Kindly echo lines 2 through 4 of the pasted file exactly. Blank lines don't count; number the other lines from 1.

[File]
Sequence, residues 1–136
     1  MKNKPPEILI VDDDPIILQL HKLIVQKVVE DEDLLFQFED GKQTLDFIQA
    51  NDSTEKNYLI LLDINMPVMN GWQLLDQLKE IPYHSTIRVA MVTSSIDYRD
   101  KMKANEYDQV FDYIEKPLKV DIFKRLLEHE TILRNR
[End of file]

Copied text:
     1  MKNKPPEILI VDDDPIILQL HKLIVQKVVE DEDLLFQFED GKQTLDFIQA
    51  NDSTEKNYLI LLDINMPVMN GWQLLDQLKE IPYHSTIRVA MVTSSIDYRD
   101  KMKANEYDQV FDYIEKPLKV DIFKRLLEHE TILRNR